What chemical removes cured 3M-5200

Discussion in 'Boatbuilding' started by ecflyer, Jan 5, 2011.

  1. ecflyer
    Joined: Jan 2009
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    ecflyer Junior Member

    Does anyone have experience removing 3M-5200 sealant that is fully cured. I need to remove it off my tempered glass and will try a razor blade on the face side; however, I need a chemical to clean the uneven edges of the glass. I cannot use any type mechanical devices as they will damage the tempered glass.

    Have a Spiffy G'Day
    Earl
     
  2. keysdisease
    Joined: Mar 2006
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    keysdisease Senior Member

  3. Submarine Tom

    Submarine Tom Previous Member

    From my experience: dynamite, C-4 or any other explosive.

    Rubber/latex gloves also work well.

    -Tom
     
  4. KnottyBuoyz
    Joined: Jul 2006
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    KnottyBuoyz Provocateur & Raconteur

    Heat up the blade of a scraper and give that a try.
     
  5. marshmat
    Joined: Apr 2005
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    marshmat Senior Member

    3M's advice about removing the stuff (see the MSDS for details) is:
    It looks like this only works while it's still uncured. Once it's set, a sharp knife is the best bet. If you can find a solvent that attacks urethane polymers but not glass, that might work.
    Without knowing who makes "Anti-Bond" or what chemistry it's based on, I can't offer much other than to say you may as well try it.
     
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  6. mark775

    mark775 Guest

    Heat kills 5200 but I don't know about heating that glass. The advice 3M gave about removing uncured works not as well as denatured alcohol -5200 cleans up like school glue with alcohol before it is cured. The anti-bond has to get under the 5200.
     
  7. kaamaman
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    kaamaman Junior Member

  8. ecflyer
    Joined: Jan 2009
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    ecflyer Junior Member

    Thanks for all the advice

    Submarine Tom, I just don't know what we would all do w/o your words of wisdom. You might be a bull in a china shop, but you definitely know how to "Git-R-Done".
     
  9. Submarine Tom

    Submarine Tom Previous Member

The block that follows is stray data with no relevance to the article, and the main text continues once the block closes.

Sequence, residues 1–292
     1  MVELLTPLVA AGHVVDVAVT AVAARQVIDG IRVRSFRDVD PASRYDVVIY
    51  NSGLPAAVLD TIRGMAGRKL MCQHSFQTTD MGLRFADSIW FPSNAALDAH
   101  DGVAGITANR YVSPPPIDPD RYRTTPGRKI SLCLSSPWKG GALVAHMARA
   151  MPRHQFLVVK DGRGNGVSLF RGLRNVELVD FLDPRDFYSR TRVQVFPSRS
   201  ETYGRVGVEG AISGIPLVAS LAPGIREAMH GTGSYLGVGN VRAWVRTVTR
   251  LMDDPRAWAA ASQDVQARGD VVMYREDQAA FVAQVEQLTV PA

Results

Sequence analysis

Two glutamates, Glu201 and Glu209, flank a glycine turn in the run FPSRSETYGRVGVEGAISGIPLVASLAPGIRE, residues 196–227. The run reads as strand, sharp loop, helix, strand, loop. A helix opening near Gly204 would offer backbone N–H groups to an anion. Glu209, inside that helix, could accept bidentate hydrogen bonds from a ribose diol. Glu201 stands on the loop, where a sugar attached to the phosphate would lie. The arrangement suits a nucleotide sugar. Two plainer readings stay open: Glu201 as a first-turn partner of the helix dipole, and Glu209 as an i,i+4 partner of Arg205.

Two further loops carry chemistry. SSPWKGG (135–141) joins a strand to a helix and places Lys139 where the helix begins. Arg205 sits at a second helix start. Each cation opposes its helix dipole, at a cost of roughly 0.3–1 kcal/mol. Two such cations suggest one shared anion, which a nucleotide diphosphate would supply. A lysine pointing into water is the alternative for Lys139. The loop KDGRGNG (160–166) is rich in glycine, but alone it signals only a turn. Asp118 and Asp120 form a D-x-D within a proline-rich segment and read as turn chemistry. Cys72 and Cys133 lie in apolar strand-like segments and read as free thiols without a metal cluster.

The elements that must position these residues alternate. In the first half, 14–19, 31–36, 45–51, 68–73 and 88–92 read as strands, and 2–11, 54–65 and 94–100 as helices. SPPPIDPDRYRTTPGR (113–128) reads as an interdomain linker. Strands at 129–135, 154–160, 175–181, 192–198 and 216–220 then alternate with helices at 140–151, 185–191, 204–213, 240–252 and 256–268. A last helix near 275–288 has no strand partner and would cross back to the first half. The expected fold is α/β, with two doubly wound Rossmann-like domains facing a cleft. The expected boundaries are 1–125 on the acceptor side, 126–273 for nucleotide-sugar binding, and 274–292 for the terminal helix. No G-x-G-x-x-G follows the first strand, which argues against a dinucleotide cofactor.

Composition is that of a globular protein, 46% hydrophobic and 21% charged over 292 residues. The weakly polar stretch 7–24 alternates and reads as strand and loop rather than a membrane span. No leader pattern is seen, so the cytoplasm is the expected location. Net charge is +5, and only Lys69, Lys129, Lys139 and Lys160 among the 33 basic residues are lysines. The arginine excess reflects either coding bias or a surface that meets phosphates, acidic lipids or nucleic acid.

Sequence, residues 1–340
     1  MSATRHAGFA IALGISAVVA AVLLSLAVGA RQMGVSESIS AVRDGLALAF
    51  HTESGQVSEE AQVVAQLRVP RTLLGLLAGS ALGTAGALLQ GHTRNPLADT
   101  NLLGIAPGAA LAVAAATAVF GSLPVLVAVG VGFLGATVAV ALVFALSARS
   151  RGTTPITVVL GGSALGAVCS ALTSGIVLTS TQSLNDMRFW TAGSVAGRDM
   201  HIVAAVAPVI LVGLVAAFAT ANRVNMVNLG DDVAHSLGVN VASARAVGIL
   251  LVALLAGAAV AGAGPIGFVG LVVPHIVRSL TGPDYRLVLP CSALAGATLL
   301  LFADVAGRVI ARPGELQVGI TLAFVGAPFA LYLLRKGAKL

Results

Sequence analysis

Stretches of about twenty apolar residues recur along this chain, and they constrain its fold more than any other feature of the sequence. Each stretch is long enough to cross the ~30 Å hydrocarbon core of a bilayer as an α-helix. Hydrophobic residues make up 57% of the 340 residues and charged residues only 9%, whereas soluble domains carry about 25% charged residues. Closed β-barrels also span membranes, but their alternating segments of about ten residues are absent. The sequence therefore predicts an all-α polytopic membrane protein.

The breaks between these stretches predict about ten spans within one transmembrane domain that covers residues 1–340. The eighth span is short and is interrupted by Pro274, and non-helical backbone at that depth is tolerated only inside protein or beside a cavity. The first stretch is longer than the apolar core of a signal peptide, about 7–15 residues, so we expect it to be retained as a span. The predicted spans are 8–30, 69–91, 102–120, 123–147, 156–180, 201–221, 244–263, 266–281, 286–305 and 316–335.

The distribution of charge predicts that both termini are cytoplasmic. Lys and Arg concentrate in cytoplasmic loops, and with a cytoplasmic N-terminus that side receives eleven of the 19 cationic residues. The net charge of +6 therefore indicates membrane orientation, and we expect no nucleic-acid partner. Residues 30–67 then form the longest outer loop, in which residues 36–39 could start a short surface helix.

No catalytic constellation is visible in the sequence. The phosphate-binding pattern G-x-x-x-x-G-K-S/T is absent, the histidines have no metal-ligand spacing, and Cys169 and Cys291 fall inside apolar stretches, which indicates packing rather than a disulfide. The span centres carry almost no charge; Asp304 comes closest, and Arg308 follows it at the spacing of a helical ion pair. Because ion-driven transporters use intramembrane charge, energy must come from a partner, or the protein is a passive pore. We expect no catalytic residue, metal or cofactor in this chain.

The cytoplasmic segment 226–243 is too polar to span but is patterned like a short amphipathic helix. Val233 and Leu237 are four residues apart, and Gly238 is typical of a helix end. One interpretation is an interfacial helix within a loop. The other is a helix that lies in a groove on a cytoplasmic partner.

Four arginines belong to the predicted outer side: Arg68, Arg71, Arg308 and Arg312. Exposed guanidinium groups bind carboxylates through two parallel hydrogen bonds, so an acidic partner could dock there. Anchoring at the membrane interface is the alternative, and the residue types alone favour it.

Sorry ecflyer, I didn't read your post very well.

    A razor scraper should do it.

    -Tom
     
  10. PAR
    Joined: Nov 2003
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    PAR Yacht Designer/Builder

    I've removed it hundreds of times and it has to be abated. A belt sander is quite effective with 24 grit. Chemicals just soften it up, a knife leaves a film. The only real way to insure it's not there is to grind it off.
     
  11. CDK
    Joined: Aug 2007
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    CDK retired engineer

    I concur with PAR.
    Remove as much as possible mechanically, then apply a strong alkaline solution like paint stripper or sink cleaner to soften up the residual film and remove that with a Brillo pad.
    Wear gloves!
     
  12. Typhoon
    Joined: Mar 2009
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    Typhoon Senior Member

    I used one of those nylon abrasive wheels to remove some Sikaflex once, it was quite effective. You know the wheels, look like sort of a hard sea sponge. It tended to rip small chunks off the Sika without heating it and making that horrible, acrid blue smoke. And all you had to clean up was a black dust.
     
  13. CDK
    Joined: Aug 2007
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    CDK retired engineer

    I think you mean 3M Schotch-brite . Is that correct?
     
  14. indianbayjoe
    Joined: Nov 2010
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    indianbayjoe Senior Member

    Don't use any of the chemical ideas if you still want the area to continue to be sealed which was what it was probably put there for. They will seep into areas you don't want them. Mechanical means are the best and you won't scratch the tempered glass with a razor and those rubber wheels made to remove decals might work too. I think there called an astro wheel
     

  15. Typhoon
    Joined: Mar 2009
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    Location: Australia

    Typhoon Senior Member

    Hey, you're right! I didn't pay attention to the manufacturer's name when I bought them. However, knowing me, I bought some cheap, generic version of these wheels:
     

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